On November 2nd, 1920, radio station KDKA in Pittsburg, PA broadcast the first regular radio transmission in the US — the Harding-Cox presidential election results. Only about 5000 people owned radios at that time, and no one was quite sure how to use this new technology.
Some wanted radio used for the good of everyone, funded by the government (which didn’t happen until National Public Radio (NPR) was established in 1967). But commercial interests won out when WEAF (later WNBC) in New York began selling advertising in 1922.
Radio advertising soon proved very effective, and the impact was profound. For the first time, advertising could enter private places on its own; there was no way to ignore an ad if you wanted to listen to that program. As a result, a completely different relationship between the general public and commercialism began. With constant reminders about products and options coming over the airwaves, the concepts of status and identity, and success, became linked to shopping.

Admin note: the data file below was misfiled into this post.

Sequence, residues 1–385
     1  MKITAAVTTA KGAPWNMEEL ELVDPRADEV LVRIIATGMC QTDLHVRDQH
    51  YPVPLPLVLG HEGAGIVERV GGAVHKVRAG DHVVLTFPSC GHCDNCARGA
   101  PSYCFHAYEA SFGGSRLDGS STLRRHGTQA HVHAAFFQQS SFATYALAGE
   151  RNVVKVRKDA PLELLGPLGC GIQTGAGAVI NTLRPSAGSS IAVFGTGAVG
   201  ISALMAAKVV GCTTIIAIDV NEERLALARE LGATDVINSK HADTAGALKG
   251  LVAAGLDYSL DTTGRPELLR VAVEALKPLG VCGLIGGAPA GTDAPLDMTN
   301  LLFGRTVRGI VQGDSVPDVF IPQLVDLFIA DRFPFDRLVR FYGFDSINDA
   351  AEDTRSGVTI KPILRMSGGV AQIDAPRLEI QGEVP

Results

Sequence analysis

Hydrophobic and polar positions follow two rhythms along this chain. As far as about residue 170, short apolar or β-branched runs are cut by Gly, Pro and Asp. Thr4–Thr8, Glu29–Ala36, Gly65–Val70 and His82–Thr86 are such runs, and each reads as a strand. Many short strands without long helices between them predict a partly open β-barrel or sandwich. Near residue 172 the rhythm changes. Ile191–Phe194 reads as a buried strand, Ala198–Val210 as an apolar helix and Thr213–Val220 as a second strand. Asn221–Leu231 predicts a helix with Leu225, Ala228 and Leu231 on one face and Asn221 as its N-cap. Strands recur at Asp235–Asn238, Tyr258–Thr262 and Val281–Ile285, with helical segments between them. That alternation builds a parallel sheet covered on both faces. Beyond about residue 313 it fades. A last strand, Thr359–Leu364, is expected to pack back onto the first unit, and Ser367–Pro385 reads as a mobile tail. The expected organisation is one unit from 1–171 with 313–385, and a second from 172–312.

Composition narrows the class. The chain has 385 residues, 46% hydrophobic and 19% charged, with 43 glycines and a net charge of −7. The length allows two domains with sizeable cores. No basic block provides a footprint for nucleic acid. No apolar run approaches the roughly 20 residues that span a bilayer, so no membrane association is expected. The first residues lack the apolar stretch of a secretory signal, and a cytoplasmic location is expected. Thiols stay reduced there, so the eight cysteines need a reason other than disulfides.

Radio also had far-reaching effects in other ways, from providing instant news and a political mouthpiece to shaping public opinion. And once we grew accustomed to radio advertisers speaking to us directly, it was easy to accept television, and then the Internet.
This all came about because Lee de Forest invented an amplifier in 1906 that made broadcasting possible. What did he think of the commercialization of radio? “What have you done with my child? You have sent him out on the street in rags of ragtime to collect money from all and sundry. You have made of him a laughingstock of intelligence, surely a stench in the nostrils of the gods of the ionosphere.”
And that’s why I listen to NPR.
The complete story is at https://writersalmanac.org/page/3/.